Some of these, you’ll notice, have more to do with facility operations than design, and in fact, some are aspects brought by the patrons themselves as they adopt a place as their own. But designers have the ability to influence much of the activity that occurs in third places, by selecting sites that take existing campus pathways into account, and then creating interior spaces that are inviting and pleasant.

Buildings for scientific study and research will never be confused with coffee houses or barbershops, but as with many campus buildings, they have been increasingly reconceived as places for collaboration and interaction. Science buildings in particular used to be very task-oriented, but as social interaction has been found to improve the quality of research, social spaces have become more visible and central to the experience. It remains a hard sell in some corners — even though the importance of breakrooms, relaxed atrium space and, indeed, coffee shops is widely acknowledged, it remains a challenge to get some administrators and PIs to look beyond basic financial pressures. Many still want primarily purposeful space, and won’t always see the purposeful qualities of these areas for interaction.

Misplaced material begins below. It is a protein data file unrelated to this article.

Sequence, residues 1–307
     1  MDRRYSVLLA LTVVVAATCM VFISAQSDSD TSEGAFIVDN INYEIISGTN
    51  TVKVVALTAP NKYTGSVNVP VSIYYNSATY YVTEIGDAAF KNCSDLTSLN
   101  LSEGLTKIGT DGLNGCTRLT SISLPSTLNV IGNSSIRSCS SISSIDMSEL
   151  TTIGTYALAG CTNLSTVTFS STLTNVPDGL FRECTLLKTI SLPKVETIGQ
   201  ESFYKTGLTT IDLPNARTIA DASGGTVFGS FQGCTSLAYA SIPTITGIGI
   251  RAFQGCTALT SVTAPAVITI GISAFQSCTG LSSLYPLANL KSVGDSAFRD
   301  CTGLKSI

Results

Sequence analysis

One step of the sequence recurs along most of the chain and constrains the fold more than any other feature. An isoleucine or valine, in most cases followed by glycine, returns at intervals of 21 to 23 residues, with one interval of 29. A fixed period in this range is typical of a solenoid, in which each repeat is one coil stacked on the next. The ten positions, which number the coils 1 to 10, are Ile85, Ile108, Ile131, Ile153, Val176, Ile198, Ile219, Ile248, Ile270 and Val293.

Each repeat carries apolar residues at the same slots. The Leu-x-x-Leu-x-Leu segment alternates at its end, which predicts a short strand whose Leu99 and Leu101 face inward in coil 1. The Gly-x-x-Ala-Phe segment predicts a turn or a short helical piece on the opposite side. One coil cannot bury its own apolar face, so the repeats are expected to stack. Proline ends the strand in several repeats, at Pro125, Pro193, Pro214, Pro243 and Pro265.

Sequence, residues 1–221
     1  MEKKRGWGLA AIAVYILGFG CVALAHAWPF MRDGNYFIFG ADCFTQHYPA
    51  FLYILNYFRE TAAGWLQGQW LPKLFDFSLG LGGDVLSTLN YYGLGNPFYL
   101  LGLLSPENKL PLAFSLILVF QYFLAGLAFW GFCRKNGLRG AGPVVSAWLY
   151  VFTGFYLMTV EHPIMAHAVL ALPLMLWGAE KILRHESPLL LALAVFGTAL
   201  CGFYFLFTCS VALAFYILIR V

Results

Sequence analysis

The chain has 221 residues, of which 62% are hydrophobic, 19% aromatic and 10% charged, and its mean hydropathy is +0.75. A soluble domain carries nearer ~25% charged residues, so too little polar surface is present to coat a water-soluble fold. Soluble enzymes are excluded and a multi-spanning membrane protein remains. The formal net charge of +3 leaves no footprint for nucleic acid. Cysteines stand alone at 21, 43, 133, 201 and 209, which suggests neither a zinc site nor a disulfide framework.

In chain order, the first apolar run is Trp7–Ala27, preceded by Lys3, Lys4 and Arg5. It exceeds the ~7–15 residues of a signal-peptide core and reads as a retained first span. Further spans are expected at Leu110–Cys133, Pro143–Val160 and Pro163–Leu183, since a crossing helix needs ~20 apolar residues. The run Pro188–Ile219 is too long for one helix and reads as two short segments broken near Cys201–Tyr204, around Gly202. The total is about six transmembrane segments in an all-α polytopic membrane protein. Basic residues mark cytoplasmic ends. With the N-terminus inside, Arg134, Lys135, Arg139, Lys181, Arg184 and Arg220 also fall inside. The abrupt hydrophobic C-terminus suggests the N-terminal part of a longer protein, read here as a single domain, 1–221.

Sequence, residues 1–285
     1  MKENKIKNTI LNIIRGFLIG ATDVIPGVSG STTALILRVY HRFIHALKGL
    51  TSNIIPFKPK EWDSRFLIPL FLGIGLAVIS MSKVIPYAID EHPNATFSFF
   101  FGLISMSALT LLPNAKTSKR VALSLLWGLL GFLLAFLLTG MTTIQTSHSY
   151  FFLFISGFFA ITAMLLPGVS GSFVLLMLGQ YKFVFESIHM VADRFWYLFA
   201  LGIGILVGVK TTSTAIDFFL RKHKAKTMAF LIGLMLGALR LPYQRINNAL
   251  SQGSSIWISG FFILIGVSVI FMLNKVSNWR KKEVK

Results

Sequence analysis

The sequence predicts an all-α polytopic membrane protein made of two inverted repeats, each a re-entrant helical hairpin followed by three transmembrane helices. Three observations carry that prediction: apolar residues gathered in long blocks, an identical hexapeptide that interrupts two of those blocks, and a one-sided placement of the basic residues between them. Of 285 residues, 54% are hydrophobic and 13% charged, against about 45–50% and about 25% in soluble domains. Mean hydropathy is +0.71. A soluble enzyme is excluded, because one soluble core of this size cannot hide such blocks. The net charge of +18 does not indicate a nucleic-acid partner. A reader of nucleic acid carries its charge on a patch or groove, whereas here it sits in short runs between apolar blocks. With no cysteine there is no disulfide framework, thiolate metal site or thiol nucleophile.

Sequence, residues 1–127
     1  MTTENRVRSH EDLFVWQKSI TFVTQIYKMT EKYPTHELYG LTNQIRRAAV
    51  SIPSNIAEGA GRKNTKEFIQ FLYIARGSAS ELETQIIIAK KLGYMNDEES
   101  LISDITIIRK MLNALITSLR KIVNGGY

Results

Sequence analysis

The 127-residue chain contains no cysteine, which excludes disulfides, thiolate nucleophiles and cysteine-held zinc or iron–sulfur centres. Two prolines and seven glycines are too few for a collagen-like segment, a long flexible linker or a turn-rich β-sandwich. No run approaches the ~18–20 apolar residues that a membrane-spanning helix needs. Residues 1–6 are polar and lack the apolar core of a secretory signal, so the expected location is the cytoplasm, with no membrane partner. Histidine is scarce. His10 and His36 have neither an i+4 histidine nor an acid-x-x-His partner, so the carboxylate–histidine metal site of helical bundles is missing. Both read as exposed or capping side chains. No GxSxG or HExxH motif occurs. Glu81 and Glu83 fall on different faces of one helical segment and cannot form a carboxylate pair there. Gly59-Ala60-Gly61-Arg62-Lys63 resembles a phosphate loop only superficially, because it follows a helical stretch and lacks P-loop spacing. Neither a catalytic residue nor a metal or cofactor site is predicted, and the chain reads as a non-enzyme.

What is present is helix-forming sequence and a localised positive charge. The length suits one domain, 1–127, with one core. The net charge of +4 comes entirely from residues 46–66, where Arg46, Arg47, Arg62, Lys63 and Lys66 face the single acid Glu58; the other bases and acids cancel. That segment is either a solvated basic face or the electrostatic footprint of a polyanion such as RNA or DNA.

UW-Milwaukee’s Kenwood Interdisciplinary Research Complex 


UWM’s particular circumstances spoke to something transformative, even if the building type wasn’t a traditional social hub. The campus felt forgotten; rendered in dark, almost sepia tones. The IRC was to be the campus’s first new academic building in more than a decade, and the building around which future redevelopment would occur. And the site represented something of a crossroads. Students walking from parking to the heart of the academic center, student union and student housing would traverse an alley along the future IRC site and be funneled across the pedestrian overpass that is one of the few ways to quickly and safely cross North Maryland Avenue.